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Oz High Court says streaming music is not a 'broadcast'

Waves away Big Radio's royalty-free streaming bid

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Commercial Radio Australia (CRA) has been denied permission to appeal to the High Court in an attempt to overrule decisions in lower courts that will force it to pay twice for music it broadcasts – once for over the air and another for simultaneous internet broadcast.

The case over just how radio broadcasters should pay for music used in their internet streams has burbled along for years. The Phonographic Performance Company of Australia (PPCA) has sought two royalty payments, arguing that the net and the airwaves are separate media and therefore deserve separate payments.

The PPCA did so because its role is to generate revenue for recording artists by getting those who play their music to pay for the privilege. The organisation offers licences for radio stations, but also for shops, fitness classes and other places where music forms part of the background noise.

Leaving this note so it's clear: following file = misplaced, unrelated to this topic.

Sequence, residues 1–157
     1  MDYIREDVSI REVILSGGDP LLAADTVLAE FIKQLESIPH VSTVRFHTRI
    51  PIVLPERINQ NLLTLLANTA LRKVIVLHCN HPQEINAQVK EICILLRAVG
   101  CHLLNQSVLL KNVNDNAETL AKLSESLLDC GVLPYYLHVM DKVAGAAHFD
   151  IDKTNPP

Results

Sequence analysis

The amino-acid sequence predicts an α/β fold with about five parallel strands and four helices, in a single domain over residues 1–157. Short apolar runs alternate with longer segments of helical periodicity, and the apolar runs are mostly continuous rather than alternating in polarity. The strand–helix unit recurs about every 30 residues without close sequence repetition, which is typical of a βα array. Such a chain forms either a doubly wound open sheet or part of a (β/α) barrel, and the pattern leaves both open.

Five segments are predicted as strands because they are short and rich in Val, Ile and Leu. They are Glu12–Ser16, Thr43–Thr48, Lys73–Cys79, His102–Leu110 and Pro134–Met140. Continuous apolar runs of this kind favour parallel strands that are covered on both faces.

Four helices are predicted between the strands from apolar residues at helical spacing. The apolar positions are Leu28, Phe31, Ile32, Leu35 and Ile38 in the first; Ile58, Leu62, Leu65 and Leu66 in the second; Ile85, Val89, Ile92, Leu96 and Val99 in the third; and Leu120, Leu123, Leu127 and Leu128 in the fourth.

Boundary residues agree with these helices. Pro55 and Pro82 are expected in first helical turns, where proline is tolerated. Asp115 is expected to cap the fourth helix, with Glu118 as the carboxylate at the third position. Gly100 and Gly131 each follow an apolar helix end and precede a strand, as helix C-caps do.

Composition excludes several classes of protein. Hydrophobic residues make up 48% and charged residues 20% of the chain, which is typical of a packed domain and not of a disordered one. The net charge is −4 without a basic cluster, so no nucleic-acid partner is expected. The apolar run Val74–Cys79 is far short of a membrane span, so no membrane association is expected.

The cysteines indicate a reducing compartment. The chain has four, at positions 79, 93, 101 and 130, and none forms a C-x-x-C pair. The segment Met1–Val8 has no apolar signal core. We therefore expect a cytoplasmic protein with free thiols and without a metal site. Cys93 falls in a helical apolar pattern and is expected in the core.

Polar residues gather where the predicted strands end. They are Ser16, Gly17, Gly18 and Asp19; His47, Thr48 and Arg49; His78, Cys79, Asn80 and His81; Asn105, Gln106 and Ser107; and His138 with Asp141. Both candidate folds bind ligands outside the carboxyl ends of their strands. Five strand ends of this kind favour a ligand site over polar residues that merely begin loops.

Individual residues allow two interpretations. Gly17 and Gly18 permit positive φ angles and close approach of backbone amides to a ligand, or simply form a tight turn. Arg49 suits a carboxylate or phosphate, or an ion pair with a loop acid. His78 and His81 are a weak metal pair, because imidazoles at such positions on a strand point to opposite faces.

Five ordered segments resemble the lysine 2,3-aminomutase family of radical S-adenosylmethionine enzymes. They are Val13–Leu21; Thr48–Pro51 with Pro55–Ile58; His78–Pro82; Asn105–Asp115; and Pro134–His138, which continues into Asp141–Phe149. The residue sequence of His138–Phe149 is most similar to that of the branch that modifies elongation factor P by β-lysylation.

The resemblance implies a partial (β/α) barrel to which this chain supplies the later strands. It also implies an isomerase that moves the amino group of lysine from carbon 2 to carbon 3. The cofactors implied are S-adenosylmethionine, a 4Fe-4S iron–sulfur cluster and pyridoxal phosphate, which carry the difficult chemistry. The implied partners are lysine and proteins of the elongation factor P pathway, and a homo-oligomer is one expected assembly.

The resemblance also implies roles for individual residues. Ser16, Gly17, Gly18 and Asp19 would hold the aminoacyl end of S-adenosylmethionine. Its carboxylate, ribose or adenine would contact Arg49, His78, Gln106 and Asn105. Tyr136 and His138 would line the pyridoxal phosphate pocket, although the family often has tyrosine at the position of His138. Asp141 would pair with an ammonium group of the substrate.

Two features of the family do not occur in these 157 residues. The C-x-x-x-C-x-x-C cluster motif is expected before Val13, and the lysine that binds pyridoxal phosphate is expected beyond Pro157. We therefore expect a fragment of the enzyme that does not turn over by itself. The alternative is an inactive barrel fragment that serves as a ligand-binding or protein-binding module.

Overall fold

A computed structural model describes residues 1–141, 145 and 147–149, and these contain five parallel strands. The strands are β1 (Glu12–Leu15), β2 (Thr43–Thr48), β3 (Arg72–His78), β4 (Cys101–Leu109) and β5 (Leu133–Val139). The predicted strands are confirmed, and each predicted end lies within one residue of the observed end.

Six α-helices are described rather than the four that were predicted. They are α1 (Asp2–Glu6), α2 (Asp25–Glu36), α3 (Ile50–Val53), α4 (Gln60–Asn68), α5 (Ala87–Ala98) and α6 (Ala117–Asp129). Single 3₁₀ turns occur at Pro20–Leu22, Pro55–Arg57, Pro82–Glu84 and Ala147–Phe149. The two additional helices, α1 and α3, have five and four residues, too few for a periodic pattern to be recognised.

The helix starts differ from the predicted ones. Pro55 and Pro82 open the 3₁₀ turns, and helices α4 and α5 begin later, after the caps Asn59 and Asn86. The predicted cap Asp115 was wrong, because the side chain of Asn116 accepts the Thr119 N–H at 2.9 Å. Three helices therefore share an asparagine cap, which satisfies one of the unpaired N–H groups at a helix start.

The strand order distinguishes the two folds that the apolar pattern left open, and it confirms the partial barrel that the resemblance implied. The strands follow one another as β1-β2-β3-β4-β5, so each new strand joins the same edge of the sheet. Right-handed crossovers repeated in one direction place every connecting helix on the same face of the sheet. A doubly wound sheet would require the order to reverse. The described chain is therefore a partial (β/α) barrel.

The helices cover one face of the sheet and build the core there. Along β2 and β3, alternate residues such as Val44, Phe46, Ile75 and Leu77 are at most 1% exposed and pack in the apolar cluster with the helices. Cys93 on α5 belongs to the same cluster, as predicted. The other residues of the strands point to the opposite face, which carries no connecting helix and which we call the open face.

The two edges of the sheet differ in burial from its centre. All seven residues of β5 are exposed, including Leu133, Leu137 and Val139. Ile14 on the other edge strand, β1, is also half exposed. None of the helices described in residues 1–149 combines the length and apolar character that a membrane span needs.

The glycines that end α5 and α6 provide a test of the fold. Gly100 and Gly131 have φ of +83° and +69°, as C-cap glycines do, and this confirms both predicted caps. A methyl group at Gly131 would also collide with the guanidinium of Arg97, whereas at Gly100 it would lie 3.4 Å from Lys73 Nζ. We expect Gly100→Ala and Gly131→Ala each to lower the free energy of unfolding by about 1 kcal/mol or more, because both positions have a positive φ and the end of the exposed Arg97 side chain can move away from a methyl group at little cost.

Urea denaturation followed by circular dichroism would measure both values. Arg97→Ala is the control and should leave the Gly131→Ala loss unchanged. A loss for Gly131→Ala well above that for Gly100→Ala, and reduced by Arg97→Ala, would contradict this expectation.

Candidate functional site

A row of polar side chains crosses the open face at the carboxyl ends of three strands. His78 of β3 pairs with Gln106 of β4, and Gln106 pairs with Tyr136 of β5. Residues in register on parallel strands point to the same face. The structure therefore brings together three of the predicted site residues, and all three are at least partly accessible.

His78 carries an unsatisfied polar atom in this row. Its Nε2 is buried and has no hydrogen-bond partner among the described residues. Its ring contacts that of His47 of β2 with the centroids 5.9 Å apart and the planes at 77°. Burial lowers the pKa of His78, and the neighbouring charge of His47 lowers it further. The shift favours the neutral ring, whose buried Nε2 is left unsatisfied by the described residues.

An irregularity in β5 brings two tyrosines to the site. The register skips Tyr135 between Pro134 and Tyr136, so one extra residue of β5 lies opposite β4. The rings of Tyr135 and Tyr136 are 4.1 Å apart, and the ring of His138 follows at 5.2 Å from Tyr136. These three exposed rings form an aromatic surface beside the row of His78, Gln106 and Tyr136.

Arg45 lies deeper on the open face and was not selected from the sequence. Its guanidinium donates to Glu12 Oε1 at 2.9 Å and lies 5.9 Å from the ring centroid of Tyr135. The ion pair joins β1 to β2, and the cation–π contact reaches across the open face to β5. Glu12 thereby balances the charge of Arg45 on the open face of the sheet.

The CRA represents radio stations who, like all media in these days of “the Google at my ad revenue”, prefer to keep spending under control. The CRA therefore liked the idea of paying once for music even if its member stations used it on the air and online. That argument won the approval of Australia's Federal Court last year, but was subsequently overturned on appeal.

Australia's High Court is the nation's ultimate tribunal, but before one can appear before it many applicants must seek leave to appeal in a kind of pre-trial that tests whether the case is covered by the Court's jurisdiction. CRA failed that test, meaning the Federal Court stands and its members are bound to negotiate two licences with the PPCA.

The Court's thinking on the matter was that under Australia's Copyright Act a live stream is not a broadcast. That nicety means a new licence is justified.

The PPCA says ((PDF) that's a tremendous idea in part because it busts the one per cent of revenue cap on license fees radio stations pay to play music. The CRA has not issued a statement about the decision, but broadcasters hoping to cash in on internet radio now know they have an extra cost to consider.

The decision may be felt by podcast listeners as The Australian Broadcasting Corporation (ABC) excises music from podcasts that reply programs first broadcast over the airwaves. The ABC and other broadcaster+podcasters now have clear guidance on what they need to do if they wish to add music to future downloadable programs. ®

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